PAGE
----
It feels counterintuitive to specialize instead of generalizing, but coaches who niche down end up making more money. The trick is to choose a niche correctly. Generalizing will hurt your business in the long run.
It is not helpful or necessary to try to appeal to everyone.
Two important questions to ask yourself when choosing a niche market are:
- Who you want to help.
- What you want to help them do.
Once these two questions are answered, you are on your way.
This information should find its way into your tagline. Instead of ‘Business Coach,’ you can be a ‘Business Coach for Sales Executives who Want to make their First Million.’
A dating coach can be a dating coach for busy women who want to find success in love. Or for shy men who want to date beautiful women.
There are three general themes that almost every coaching business falls into Relationships, Work/Money, and Health/Fitness. Your coaching practice will fall into one of the three areas.
So here are the four features of a good target market for a coaching business:
Choose a target market that is large enough. If the people you are looking for are too few, you will have a hard time sustaining the growth of your business. There will be growth at the beginning but eventually, you will run out of leads.
Your target market can be differentiated by age, gender, job or profession, marital status, income level, physical fitness, buying habits, and even geographical location.
Bonus points if your target market is both (relatively) large in number and relatively underserved. Your business will grow faster when you target an underserved market.
If your coaching services will be offered locally and in person, then you have to have enough of them in your city to be sustainable.
For example, a parenting or marriage coaching business can do well locally but if you try to go for a more targeted market like step parenting then you will need to go beyond your city by offering services online in order to survive.
Easy to Find
Your target market has to be easy to find. Think about how you plan to market your services and decide accordingly.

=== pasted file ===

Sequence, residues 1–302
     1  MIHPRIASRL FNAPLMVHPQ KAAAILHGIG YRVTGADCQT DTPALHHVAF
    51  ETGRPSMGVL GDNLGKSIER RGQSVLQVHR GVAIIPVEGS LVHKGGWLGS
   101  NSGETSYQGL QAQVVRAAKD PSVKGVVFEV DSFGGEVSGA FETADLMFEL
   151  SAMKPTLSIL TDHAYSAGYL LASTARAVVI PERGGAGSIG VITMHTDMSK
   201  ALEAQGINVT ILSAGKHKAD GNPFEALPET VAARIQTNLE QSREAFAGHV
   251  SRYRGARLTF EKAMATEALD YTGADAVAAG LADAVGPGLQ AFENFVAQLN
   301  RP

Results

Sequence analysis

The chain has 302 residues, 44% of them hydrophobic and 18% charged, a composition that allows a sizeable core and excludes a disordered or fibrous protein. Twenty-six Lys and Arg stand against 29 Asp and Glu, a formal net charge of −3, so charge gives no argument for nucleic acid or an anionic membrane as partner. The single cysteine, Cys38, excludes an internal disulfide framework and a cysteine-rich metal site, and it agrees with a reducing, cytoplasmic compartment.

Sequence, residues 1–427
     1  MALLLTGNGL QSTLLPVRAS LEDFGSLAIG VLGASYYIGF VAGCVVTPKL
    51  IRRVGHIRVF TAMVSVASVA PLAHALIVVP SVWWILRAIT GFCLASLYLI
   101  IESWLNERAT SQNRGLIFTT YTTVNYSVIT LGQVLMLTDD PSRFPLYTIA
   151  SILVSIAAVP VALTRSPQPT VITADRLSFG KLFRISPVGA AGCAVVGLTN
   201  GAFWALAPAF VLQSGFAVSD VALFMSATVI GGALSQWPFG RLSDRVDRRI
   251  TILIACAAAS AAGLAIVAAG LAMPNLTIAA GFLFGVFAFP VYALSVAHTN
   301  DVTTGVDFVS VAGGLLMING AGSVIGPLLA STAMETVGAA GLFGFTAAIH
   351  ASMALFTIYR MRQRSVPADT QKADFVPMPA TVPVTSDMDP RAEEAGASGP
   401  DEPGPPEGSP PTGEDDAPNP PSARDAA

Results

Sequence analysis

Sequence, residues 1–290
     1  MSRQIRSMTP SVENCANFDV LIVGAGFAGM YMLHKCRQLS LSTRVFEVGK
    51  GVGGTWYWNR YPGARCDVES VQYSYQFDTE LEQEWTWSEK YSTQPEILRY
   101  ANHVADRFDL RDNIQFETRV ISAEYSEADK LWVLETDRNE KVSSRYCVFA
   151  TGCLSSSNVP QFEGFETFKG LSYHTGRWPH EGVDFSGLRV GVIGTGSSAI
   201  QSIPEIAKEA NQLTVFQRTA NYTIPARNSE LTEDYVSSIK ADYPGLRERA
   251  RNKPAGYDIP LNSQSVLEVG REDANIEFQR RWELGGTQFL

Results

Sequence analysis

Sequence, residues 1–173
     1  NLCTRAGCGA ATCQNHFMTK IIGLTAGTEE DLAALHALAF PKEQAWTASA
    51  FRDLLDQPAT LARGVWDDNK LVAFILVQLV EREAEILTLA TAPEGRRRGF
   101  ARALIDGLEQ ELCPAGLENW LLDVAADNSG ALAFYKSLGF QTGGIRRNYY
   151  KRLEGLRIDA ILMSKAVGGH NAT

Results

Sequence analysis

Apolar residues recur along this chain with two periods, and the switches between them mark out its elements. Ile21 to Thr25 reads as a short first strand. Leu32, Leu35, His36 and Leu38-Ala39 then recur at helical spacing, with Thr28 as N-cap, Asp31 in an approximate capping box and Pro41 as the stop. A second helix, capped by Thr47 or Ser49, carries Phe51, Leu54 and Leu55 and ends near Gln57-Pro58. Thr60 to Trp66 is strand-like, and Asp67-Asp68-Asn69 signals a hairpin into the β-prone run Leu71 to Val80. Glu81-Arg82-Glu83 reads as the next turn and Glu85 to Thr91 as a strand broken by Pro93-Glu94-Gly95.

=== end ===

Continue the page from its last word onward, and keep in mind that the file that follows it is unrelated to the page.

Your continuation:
Can you target them on Facebook? If not, they are probably not a good fit. If you design a coaching program for people who want to change careers, trying to run ads for them on Facebook or LinkedIn might be difficult.
Perhaps the only way to reach them would be through search engine marketing, which might be too limiting and expensive.
Want the Desired Result
People have to want the result that you are going to give them. And they have to want it badly enough to pay for your service. It is easier to sell an outcome to people who already want it than to convince them to want it.
Look for a burning need. Are there Facebook groups made up of people from the target demographic trying to address the need? What about Google search? What insights might it offer? Are there people from that demographic whom you can talk to as part of your research?
For a fitness coach, you want to reach out to people who are motivated to get fit. If you are a business coach you need business people who are looking to grow more than anything.
Only people who are motivated will pay for your coaching program and follow through with it to get results. Unmotivated
Clients Who Can Pay for Your Services
People might need your service but if they can’t pay for it then the business won’t succeed. You will be forced to price your coaching very low.
Unemployed people looking for work probably can’t afford to pay for the service. Struggling single mothers might need your help but they won’t be able to pay. Freelancers might need your service but they will have a hard time paying for it.
Startup entrepreneurs might have a problem affording you, too, which is why you will.be told to target growth stage entrepreneurs.
The only way you can work with such demographics who can’t afford you is by employing a nonprofit model and securing grants.
Alternatively, you can take on a limited number of them. Maybe only one at a time. Concentrate more of your time on those clients who will pay what you are worth.
Grow Big by Narrowing Down
Narrowing down to a specific target market makes marketing easier and more effective. Imagine trying to reach retirees, moms, business owners, and athletes. Your marketing would be all over the place.
Don’t choose a target market unless you have knowledge and experience in that area. Choosing a target market that you are familiar with will also make it easier to market to that group.
Specialists enjoy more credibility and trust than generalists.
Test your program with a small group of people before rolling it out.
Just Do It
You don’t want to waste too much time thinking and planning. If you find yourself spending weeks narrowing down your target market, that is too long. It is likely that you will refine your definition of your ideal client as time goes by.
Working with real clients in the real world will help you to narrow things down better.
In today’s seemingly overcrowded market, entrepreneurs are under pressure to narrow down their target market in order to make it.
Once you have a rough idea of who you want to work with, create a program and start working with them. As time goes by, you will get to know yourself and your client’s better and you will refine your program.
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That’s it for now.